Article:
On 9 February 2011, the Chief Executive of the FSA, Hector Sants, delivered a speech as part of the Insurance Institute of London’s lecture program at Lloyd’s of London on the future of insurance regulation. Specifically, the speech aimed to address the following three key regulatory issues:

  1. THE IMMINENT ADOPTION OF THE SOLVENCY II REGULATORY RULES

Hector Sants highlighted the specific benefits of Solvency II and acknowledged that concerns have been raised as to whether such benefits would be “worth it” in relation to both the associated implementation costs and whether the risk calibration is correct. He stated that the FSA will be laying out a UK cost-benefit analysis in the next year and that it was not the FSA’s ambition to increase or decrease the amount of capital supporting the UK insurance industry, instead it is only seeking to ensure such capital is appropriately aligned with risks. Hector Sants further noted that the FSA is in the process of refining its proposed implementation methodology (to, amongst other points, focus on the key judgements during approval processes, ensure that a plan can be successfully delivered and executed and that the FSA’s oversight is done at a reasonable cost to the industry) and is seeking to communicate the implications to individual firms shortly;

  1. THE IMMINENT CREATION OF A NEW SUPERVISORY STRUCTURE IN THE UK

With regard to the new supervisory structure in the UK (comprising the Prudential Regulatory Authority (“PRA”), the Financial Policy Committee, and the Consumer Protection and Markets Authority (“CPMA”)), Hector Sants discussed the progress made to date on how the PRA and CPMA will regulate insurers in future. He explained that the PRA will supervise around 1,000 insurance companies with the high-level objective of “promoting the soundness of firms and minimise the adverse impact that firm failures can have on the UK financial system. In particular it will be seeking to minimise and ideally eliminate the likelihood of cost falling on individual taxpayers and customers. In other words, an orderly firm failure without adverse consequences on the economy would not be seen as a regulatory failure”. Although Hector Sants noted the key differences between banks and insurers, specifically that insurers pose less systemic danger and, therefore, for the purposes of prudential regulation should be viewed differently from banks, he noted that the PRA will base its supervisory interventions for insurers and banks on the basis of a similar judgement-based risk assessment framework. The CPMA will “have a primary objective of ensuring confidence in financial services and markets, with specific focus on protecting consumers and ensuring market integrity....and the CPMA’s regulatory approach towards supervising all firms, including insurers, will be delivered using a risk model which puts a premium on early risk identification and prioritisation”; and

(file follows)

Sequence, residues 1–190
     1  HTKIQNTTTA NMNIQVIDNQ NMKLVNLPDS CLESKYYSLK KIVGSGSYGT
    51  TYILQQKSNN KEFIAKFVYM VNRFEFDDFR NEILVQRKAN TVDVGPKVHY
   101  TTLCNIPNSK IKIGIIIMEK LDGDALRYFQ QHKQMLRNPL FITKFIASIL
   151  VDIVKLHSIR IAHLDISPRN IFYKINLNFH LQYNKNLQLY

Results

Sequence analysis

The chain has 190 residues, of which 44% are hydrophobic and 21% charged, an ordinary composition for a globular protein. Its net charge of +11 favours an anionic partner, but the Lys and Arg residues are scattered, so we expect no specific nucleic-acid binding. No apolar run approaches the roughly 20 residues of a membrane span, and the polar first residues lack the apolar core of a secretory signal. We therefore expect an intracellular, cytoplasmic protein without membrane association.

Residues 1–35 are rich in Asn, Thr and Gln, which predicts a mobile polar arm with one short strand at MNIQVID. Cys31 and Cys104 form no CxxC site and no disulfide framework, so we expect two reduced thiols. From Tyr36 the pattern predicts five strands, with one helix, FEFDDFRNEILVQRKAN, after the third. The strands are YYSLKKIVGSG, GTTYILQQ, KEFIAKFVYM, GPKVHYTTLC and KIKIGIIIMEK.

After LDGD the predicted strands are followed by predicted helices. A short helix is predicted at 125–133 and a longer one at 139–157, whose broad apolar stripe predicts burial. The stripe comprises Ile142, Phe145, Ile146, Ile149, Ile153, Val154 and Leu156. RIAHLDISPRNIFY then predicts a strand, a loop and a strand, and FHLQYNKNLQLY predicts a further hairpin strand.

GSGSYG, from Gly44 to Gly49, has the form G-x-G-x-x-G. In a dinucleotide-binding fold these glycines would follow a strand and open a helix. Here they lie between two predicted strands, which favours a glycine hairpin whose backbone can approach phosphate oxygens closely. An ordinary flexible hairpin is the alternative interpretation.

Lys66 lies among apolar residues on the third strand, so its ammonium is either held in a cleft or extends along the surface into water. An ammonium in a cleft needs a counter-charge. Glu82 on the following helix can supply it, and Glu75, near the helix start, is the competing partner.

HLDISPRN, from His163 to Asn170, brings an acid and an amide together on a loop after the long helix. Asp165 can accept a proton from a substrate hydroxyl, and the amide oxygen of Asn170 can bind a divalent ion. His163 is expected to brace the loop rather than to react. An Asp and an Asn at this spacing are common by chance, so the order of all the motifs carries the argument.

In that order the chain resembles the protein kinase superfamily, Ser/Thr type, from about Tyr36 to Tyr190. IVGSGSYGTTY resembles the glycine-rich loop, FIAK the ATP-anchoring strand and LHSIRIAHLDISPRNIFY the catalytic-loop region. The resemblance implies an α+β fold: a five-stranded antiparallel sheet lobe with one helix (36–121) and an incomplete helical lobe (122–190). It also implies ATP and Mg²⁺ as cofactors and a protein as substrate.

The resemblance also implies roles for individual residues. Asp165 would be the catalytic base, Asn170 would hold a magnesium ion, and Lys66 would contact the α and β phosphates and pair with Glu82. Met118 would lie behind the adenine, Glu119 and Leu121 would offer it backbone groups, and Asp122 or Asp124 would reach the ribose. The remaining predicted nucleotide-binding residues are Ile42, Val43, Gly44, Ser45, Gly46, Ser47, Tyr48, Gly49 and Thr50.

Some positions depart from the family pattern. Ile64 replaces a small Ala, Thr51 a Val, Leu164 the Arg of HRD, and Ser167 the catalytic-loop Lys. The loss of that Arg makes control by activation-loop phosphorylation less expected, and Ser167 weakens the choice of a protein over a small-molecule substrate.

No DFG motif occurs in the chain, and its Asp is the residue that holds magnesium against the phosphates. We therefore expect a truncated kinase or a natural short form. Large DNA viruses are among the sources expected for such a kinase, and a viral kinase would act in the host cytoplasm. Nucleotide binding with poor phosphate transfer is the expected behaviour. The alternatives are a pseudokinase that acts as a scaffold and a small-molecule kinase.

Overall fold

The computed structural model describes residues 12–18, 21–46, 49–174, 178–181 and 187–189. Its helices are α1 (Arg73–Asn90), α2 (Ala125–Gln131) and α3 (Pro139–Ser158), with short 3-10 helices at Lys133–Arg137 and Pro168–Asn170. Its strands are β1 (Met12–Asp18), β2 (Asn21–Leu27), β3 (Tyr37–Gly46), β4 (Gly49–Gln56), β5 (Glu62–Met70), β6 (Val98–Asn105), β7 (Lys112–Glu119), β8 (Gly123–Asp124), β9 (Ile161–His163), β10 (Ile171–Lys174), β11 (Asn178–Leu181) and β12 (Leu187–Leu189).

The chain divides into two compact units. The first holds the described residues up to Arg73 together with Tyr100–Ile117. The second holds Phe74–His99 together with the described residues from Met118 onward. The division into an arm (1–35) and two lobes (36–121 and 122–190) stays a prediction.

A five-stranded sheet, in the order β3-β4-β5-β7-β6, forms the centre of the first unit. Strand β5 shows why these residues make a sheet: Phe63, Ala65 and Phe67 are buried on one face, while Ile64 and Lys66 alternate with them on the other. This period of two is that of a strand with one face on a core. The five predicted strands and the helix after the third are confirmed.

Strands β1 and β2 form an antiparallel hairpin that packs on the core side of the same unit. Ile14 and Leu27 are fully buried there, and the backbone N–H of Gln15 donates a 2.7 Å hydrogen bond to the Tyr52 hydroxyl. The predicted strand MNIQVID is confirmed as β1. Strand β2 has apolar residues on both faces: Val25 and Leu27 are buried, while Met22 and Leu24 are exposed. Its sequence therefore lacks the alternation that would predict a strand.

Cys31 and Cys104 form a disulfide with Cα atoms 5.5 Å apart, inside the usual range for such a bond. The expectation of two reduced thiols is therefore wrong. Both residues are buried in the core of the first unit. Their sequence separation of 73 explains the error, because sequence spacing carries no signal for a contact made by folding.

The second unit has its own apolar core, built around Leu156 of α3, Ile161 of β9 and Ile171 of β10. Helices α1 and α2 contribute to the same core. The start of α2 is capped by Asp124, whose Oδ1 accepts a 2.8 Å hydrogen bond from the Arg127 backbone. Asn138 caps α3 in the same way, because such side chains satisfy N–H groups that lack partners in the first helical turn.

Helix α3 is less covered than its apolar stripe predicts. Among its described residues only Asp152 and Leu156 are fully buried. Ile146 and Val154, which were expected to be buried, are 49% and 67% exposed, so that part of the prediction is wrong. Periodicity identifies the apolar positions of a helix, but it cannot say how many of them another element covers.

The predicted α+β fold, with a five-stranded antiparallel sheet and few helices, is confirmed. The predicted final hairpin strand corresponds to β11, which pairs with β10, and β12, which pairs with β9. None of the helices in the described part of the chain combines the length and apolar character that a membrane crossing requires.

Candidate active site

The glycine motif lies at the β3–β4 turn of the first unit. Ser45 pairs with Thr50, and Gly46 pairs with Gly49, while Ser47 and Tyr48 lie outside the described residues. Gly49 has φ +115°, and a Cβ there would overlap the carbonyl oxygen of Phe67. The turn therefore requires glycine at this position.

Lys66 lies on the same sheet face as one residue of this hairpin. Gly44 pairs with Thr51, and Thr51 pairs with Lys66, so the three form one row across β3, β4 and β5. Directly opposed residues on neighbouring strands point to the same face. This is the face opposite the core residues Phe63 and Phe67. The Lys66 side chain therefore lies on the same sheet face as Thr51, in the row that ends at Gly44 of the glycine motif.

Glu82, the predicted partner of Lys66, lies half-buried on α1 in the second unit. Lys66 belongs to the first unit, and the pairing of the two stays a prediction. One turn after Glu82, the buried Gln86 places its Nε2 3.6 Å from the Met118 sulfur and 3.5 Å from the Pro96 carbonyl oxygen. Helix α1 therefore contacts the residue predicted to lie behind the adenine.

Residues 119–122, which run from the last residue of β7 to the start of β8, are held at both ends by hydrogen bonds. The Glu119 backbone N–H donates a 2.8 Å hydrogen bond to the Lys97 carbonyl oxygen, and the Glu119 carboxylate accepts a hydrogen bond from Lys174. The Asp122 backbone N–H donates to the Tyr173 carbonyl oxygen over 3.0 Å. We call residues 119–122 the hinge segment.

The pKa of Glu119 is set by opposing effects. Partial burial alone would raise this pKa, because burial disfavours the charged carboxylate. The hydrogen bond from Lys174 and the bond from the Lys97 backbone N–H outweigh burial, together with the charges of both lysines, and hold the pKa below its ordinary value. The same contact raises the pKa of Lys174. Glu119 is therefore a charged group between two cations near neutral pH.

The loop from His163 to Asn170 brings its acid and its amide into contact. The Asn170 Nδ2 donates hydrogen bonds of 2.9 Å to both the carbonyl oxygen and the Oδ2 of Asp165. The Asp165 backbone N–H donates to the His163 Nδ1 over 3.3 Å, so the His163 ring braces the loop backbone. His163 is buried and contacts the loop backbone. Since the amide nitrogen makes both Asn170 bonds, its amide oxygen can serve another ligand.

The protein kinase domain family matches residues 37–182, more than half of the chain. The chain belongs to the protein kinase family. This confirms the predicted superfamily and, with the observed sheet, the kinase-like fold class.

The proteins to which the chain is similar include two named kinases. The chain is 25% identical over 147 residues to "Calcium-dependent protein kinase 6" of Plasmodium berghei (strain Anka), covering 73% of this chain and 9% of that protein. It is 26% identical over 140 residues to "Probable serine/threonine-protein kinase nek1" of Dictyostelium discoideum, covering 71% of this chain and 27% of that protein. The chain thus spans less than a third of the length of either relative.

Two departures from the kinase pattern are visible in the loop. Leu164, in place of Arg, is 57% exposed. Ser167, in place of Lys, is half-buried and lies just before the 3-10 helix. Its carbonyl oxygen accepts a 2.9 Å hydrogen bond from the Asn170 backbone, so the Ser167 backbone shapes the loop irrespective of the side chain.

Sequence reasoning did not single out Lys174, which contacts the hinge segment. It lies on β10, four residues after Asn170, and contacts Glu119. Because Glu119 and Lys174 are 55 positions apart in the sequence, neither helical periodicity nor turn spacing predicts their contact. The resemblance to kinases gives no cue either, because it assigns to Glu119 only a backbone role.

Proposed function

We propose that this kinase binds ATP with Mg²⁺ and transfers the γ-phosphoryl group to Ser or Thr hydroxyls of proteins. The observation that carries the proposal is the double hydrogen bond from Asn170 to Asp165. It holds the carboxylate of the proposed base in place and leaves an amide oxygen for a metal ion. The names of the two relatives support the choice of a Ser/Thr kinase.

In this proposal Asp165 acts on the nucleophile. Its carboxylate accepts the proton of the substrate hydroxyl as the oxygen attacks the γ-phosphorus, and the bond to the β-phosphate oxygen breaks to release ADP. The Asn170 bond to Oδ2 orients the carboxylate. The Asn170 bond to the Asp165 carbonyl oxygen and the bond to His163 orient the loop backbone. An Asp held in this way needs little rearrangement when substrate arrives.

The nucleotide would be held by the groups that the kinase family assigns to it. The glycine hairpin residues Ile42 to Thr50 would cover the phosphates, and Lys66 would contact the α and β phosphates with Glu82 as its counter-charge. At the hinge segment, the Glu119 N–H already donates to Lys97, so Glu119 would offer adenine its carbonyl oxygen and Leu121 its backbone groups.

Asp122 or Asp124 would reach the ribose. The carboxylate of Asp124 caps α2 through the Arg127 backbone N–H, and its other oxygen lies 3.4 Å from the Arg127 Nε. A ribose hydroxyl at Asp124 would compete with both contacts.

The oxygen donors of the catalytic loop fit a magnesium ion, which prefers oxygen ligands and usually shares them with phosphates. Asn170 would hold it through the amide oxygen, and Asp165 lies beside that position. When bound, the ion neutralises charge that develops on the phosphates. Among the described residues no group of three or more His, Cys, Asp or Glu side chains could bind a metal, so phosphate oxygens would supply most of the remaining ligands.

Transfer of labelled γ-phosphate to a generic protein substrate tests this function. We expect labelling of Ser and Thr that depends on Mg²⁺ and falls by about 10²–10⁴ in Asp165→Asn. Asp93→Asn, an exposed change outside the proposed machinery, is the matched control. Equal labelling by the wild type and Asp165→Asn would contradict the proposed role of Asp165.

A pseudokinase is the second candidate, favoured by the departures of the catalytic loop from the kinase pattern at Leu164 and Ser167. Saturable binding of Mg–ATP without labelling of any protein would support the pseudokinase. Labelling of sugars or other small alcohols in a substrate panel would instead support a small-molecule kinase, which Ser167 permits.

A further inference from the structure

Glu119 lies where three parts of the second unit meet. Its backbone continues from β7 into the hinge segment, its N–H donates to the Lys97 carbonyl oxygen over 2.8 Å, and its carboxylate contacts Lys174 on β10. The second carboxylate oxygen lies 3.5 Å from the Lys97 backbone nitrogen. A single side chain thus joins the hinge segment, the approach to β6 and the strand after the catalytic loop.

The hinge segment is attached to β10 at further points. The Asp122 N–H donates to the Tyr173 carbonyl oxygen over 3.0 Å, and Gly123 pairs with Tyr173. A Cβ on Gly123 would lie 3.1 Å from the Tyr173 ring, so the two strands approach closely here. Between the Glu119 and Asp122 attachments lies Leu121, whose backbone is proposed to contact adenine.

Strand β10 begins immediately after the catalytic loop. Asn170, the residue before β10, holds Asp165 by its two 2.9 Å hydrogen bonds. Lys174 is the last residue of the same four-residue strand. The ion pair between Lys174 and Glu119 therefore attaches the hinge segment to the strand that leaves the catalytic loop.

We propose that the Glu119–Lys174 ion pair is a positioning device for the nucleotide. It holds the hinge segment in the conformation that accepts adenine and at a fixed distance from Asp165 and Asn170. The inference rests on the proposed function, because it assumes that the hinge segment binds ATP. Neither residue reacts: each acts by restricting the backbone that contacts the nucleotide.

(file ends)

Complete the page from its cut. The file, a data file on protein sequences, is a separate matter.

1. LAST MONTH'S CHANGE TO A NEW EUROPEAN REGULATORY STRUCTURE

Hector Sants noted that, effective from 1 January, a new European Supervisory Authority responsible for European insurance and occupational pensions (“EIOPA”) has been established with the principal feature of being the rule making body in Europe. The effect of this wide ranging mandate is that the FSA (and successor authorities) will essentially be supervisory arms of an EU policy setting body. The UK, therefore, needs to organise itself to effectively contribute to decision making in both the EIOPA and wider EU forums. He confirmed that the FSA, and himself, would invest considerable effort with engaging in the issues facing the insurance market at a European level.

Closing, Hector Sants commented that he hoped to have demonstrated “the FSA’s determination and commitment to ensuring that the substantial regulatory agenda that faces us all is executed in a manner which improves the regulatory framework for UK insurers, and in consequence brings benefit to their customers and capital providers....I hope I have demonstrated that the FSA and its successor bodies have a clear approach to address the key questions and that I have given a flavour of the likely answers. I also hope that there is certainly no doubt about the importance we attach to the insurance industry and that this commitment will continue into the new regulatory structure in the UK”.